The year is 2003 and “the boy” is handed his first view of console access to a Cisco switch by a chap going by the name of Mr Ken Worthy. He gets shown a basic configuration and then a mission starts, a mission to know every little detail about that and every switch and router that they have along with their capabilities, to nail-down the perfect configurations for the particular organisation that he works for and to make the process of adds, moves and changes as optimised and ‘catalogued’ as possible (some network monitoring sensors were disabled in the making of…!).
The need for one such optimisation arises because he is fed up of being pestered to move interface configuration lines from one port on a switch to another port on another switch when he has more pressing and pro-active work to do; there’s a team dedicated to moving IT equipment between desks/buildings and the network changes are the only bit of the process when they need to involve someone else. He starts by defining some smart port macros for different types of endpoints and pushes them out to every switch. These macros have variables in them, most notably for the VLAN(s) and L2 security toolkit options that should be configured – different endpoints, for many reasons, sit in different segments. This makes the process a little faster and standardised but the network team are still involved in this routine and basic task. He then works with a developer in the IT team to write a web-based application (after evaluating the market for such a tool… that of course would have to be zero or next to zero cost…). This application will give the ‘move team’ their own means of doing the same task, notably without involving said “boy” or his colleagues. The app user selects switches + pre-authorised port numbers and the app accesses those switches, defaults the port configurations, and then lastly, it applies a macro with the relevant variables defined. With the advent of app/server virtualisation and shared services initiatives the same app becomes more relevant to work in the DCs.
What he didn’t appreciate at the time was that he and his colleagues’ were performing a 5* example of what was wrong with the provisioning and changing of ICT services. Work-day time, personal time, overtime; time and money put into customising-against and optimising a very basic process that could even have been done before by someone else or be a standard need everywhere. He also later found out, while blogging at http://rbcciequest.wordpress.com, that one of the config lines in one the macro was incorrect. How?! He knew the switches and their options inside out, he’d tested it, he’d asked an expert… human error was obviously still a possibility, and now it was being repeated within a non-standard app. There are many other stories to tell, especially when looking at the to-ing and fro-ing in the DC in the aftermath of this time!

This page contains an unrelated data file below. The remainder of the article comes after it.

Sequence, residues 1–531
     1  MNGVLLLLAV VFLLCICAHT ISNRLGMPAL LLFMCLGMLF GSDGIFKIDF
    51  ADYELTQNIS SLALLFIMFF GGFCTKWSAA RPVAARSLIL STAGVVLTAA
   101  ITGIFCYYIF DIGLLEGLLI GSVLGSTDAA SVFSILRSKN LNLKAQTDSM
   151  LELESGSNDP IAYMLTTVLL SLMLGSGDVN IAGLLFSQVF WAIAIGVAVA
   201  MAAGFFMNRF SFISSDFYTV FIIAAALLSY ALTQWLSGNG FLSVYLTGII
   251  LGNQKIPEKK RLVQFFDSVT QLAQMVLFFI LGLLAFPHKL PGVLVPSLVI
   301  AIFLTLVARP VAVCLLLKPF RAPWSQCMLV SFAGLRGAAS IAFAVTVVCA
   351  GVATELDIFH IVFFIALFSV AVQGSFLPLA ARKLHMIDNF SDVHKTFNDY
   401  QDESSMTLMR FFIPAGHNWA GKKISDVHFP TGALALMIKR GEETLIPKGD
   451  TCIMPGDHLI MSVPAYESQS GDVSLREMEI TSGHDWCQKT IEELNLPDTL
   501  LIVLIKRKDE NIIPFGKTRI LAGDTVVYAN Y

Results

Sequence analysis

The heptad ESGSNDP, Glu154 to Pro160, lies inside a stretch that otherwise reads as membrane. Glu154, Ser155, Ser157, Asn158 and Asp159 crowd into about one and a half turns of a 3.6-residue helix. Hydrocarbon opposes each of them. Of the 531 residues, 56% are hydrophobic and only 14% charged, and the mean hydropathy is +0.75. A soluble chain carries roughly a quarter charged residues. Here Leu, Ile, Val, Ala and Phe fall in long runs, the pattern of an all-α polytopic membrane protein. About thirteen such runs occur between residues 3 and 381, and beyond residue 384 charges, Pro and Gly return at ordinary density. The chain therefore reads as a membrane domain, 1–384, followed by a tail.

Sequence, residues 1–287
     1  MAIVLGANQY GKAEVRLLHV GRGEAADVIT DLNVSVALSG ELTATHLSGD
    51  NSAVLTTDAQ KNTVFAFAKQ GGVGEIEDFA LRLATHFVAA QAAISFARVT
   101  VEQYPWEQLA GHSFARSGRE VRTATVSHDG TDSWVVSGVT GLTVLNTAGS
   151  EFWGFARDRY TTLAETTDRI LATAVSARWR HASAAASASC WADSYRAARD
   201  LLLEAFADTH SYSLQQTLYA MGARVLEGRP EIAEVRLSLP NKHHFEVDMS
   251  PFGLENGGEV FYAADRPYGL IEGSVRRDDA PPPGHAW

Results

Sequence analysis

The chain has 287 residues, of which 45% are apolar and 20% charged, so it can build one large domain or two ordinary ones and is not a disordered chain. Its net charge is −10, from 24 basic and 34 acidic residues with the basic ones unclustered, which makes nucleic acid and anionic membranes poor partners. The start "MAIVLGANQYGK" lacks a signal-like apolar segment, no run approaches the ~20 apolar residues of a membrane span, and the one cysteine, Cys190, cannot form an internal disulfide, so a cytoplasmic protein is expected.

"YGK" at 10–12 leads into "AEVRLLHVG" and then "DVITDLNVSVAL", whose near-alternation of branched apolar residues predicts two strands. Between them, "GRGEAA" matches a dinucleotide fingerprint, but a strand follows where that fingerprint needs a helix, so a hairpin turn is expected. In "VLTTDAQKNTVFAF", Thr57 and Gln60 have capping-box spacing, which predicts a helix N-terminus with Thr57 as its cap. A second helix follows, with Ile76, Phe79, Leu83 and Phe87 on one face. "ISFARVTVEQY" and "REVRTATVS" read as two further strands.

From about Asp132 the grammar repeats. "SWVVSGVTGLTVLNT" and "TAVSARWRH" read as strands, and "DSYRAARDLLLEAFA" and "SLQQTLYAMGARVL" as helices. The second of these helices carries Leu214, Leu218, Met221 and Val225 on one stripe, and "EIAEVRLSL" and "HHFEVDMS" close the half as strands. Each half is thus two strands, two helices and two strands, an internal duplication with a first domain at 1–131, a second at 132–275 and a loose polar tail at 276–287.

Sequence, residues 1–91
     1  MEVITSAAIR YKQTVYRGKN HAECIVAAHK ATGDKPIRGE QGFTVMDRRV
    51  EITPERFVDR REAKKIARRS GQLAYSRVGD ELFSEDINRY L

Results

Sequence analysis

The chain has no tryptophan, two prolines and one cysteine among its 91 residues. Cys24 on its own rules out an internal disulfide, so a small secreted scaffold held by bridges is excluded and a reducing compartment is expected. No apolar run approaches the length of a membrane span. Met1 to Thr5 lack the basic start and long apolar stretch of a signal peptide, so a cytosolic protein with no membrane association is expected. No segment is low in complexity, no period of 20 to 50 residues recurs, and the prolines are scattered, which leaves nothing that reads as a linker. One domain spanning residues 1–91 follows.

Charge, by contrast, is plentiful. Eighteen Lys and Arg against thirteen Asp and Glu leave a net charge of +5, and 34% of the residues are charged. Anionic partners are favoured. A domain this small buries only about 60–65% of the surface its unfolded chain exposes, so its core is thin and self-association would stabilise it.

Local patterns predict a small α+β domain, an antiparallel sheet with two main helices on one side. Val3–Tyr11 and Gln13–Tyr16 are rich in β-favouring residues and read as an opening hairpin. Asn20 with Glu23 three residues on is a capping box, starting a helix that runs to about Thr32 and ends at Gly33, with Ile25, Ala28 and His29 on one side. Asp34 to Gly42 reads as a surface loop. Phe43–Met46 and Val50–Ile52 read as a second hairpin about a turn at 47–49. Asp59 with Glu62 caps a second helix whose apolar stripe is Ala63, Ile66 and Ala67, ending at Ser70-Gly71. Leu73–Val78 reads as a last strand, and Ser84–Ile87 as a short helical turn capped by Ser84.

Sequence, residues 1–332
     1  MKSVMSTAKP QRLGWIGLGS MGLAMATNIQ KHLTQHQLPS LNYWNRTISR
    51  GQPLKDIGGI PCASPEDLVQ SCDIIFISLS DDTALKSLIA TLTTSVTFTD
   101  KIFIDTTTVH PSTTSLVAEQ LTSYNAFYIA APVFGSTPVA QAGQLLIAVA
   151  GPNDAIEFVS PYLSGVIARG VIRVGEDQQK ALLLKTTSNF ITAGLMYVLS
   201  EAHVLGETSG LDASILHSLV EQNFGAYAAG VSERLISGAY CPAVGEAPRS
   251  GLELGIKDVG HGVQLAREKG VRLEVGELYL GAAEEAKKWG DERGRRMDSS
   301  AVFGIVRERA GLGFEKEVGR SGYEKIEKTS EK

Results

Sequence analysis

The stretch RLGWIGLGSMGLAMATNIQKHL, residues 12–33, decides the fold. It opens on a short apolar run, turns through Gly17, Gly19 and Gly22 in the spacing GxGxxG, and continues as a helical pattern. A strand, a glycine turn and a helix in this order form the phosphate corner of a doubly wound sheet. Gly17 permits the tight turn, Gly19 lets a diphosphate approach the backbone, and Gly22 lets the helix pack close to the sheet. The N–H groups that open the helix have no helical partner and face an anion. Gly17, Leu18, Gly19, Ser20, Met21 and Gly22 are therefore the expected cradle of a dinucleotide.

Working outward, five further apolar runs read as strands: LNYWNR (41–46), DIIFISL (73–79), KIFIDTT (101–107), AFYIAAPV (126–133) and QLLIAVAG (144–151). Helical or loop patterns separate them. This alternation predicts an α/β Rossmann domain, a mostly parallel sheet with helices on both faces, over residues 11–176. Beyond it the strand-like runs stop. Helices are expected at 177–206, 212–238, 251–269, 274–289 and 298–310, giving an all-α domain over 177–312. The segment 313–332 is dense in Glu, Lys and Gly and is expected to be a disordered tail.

The business’ simple requirement was to move staff, an app had been built, the app had a requirement of the network, the requirement was for the app itself to trigger configuration changes across the network by accessing multiple touch points and then dropping a static script written in a network-device specific language (CLI), replacing variables point-in-time. It was all too complicated and specific. Yet, it was still beneficial and worthwhile.
It’s now 2014, the apps are more complicated and demanding, the criticality of ICT to core business is on a different level compared to then, uptime is vital and there are often much bigger inefficiencies as the one described above. Data Centres are at
the core of ICT services and ICT is an enabler (and disabler!) of business
more than ever before. We’ve got a lot to look forward to, much non-trivial learning has been brought with us from the past, the top-down push of cloud consumption models are displayed in the innovation and [application programming] interfaces that are here today. This blog is about looking at this new wave of service consumption models, technologies and dedicated solutions. Let’s cross the chasm and destroy the hyperbole!
FYI The next couple of posts will be hold a theme of ‘Real-world programmability across the DC stack’. They also won’t be written in the 3rd person!
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